Persistent dry conditions and reduced supply saw Australian goatmeat exports in 2018 decrease to their lowest levels since 2008, according to Meat & Livestock Australia’s most recent Goatmeat Global Snapshot.
The snapshot, which provides insights into the opportunities and challenges for the industry, shows the value of Australian goatmeat exports totalled $182.6million in 2018, down 29 per cent on 2017.
MLA goat industry project manager Julie Petty said despite the decrease in supply and Australia accounting for only one per cent of global production, Australia remained the largest exporter of goatmeat.
‘‘Australia exported approximately 90 per cent of production in 2018, with exports totalling 21026tonnes shipped weight — a decrease of 26 per cent from 2017 levels,’’ Ms Petty said.
‘‘The United States received 68 per cent of our exports, with Taiwan, South Korea, Trinidad and Tobago, and Canada also representing important markets.
‘‘As a result of tough seasonal conditions combined with a seven per cent year-on-year fall in average carcase weights in 2018, Australian goat production last year totalled 23388tonnes carcase weight (cwt), 26 per cent lower than 2017 figures, while goat slaughter fell by 20 per cent year-on-year to 1.65million head in 2018.’’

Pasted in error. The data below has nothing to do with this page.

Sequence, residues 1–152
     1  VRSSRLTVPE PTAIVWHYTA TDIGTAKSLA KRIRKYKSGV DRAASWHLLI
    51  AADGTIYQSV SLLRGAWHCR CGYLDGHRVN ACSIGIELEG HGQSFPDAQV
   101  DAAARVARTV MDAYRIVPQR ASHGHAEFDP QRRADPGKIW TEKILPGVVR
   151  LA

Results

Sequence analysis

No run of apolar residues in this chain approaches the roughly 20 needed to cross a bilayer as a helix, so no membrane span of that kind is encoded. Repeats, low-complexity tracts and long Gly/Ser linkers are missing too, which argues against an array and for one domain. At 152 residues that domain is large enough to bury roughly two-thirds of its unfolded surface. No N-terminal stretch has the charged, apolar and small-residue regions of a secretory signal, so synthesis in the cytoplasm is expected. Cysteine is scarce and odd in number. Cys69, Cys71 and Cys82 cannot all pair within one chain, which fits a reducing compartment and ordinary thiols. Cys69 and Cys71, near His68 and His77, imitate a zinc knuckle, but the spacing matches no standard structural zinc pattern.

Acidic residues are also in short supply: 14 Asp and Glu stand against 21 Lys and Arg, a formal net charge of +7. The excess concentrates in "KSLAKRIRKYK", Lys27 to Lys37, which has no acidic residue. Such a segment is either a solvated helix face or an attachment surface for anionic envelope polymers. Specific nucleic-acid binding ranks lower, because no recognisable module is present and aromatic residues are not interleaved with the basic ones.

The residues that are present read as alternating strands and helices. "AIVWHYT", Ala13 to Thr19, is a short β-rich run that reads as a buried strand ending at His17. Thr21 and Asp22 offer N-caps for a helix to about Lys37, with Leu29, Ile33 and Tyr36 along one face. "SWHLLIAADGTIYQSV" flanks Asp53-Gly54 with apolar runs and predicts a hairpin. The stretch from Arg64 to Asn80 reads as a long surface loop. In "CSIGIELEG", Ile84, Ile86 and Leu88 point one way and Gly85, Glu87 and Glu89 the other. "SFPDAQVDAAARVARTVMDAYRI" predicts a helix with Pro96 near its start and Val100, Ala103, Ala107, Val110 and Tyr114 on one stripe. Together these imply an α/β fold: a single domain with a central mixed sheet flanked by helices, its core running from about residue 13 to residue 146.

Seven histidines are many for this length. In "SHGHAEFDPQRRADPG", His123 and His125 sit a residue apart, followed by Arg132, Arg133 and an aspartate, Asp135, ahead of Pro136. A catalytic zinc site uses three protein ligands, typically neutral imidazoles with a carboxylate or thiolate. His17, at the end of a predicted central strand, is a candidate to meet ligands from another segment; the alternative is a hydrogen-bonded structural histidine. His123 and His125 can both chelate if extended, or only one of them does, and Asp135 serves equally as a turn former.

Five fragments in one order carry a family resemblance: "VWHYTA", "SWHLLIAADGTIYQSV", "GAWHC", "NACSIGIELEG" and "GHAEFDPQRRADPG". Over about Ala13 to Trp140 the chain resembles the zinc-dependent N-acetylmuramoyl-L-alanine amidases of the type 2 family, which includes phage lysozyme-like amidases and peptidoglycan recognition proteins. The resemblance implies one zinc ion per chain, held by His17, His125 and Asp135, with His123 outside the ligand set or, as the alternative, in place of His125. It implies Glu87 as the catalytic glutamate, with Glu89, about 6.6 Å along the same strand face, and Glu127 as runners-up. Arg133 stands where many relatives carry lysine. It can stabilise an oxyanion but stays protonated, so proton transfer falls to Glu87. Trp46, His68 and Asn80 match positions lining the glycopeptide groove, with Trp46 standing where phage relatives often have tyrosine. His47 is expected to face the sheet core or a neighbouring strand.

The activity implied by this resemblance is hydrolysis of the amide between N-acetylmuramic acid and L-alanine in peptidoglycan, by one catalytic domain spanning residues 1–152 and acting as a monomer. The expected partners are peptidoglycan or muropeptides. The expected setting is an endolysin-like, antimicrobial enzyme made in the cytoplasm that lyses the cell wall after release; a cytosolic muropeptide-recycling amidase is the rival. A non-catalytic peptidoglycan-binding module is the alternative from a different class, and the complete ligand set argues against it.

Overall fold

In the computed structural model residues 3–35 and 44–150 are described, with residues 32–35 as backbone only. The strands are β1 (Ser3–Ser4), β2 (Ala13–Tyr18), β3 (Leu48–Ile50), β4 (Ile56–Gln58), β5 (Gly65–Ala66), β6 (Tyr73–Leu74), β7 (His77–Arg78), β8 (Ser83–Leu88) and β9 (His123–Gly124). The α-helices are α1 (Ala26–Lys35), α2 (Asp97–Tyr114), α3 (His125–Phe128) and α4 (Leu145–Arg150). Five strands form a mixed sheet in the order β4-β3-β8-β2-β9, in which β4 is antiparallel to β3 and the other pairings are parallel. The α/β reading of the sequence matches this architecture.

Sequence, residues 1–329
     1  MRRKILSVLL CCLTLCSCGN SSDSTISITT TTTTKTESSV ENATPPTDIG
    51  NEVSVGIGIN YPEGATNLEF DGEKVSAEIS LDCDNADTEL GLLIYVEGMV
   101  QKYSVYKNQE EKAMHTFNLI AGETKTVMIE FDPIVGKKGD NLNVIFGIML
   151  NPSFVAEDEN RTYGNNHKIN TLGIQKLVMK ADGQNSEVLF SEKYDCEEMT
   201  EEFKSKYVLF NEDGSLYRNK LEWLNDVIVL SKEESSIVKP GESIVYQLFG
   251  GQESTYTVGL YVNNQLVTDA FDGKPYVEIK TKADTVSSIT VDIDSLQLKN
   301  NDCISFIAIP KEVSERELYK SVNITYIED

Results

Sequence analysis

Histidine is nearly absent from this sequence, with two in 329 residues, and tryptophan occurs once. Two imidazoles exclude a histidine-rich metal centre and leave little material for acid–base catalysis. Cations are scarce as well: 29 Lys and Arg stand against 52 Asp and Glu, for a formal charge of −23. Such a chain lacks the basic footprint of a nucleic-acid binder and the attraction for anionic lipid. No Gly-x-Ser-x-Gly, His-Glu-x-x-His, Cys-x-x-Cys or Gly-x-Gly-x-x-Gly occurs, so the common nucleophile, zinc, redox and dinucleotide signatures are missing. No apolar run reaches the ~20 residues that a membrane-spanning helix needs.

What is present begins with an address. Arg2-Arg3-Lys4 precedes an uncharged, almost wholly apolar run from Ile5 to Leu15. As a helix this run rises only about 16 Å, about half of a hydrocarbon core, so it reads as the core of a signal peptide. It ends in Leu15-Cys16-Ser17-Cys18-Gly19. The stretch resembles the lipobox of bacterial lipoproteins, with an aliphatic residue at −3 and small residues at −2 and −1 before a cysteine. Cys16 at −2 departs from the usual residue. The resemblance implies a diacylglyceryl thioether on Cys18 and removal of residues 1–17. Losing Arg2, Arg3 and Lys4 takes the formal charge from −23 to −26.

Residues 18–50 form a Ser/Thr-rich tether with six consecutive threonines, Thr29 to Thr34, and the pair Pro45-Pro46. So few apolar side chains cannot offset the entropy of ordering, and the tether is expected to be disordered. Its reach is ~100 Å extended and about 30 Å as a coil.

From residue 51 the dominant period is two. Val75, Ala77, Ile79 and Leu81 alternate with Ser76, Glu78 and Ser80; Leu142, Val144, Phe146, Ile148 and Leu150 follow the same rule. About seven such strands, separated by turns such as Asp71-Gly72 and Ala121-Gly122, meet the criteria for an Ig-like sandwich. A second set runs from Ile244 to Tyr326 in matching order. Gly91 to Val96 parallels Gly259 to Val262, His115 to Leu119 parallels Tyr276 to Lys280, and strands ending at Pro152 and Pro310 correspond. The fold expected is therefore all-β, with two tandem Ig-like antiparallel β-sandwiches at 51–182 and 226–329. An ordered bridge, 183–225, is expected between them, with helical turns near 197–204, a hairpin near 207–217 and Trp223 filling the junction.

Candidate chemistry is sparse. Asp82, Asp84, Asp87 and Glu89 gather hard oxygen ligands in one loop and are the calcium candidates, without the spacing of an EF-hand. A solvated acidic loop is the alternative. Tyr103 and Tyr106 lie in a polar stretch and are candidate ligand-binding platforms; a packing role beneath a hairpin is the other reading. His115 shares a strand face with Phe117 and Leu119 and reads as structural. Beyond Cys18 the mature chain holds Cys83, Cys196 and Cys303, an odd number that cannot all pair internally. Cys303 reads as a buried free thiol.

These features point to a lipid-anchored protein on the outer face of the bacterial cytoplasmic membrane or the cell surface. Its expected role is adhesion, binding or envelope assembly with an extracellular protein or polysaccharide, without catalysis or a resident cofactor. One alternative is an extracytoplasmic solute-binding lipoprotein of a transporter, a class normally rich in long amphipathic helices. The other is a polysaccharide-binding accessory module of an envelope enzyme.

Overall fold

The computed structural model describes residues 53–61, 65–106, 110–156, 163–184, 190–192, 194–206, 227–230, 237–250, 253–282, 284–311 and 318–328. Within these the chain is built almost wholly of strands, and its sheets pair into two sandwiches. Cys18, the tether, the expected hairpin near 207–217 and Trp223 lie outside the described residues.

Ms Petty said while the prospects for exports were positive, challenges remained in key markets.
‘‘Goatmeat is widely consumed globally but remains a niche protein in many markets. Per capita consumption of goatmeat varies greatly between countries, with culture and local production being major factors influencing diet,’’ Ms Petty said.
‘‘Population growth and increasing household wealth underpin a positive outlook for global red meat consumption, however new consumers being unfamiliar with goatmeat remains a barrier for growth.’’
Ms Petty said the Australian goatmeat industry had seen substantial growth during the past two decades with production tripling since the turn of the century, underpinned by export demand and solid prices.
‘‘Goat over-the-hook prices have steadily increased over the past few years, from 371¢/kg cwt at the start of 2015 to a peak of 683¢/kg in July 2017. While 2018 saw a price correction, prices remained above the five-year average for the entirety of 2018, averaging 513¢/kg,” Ms Petty said.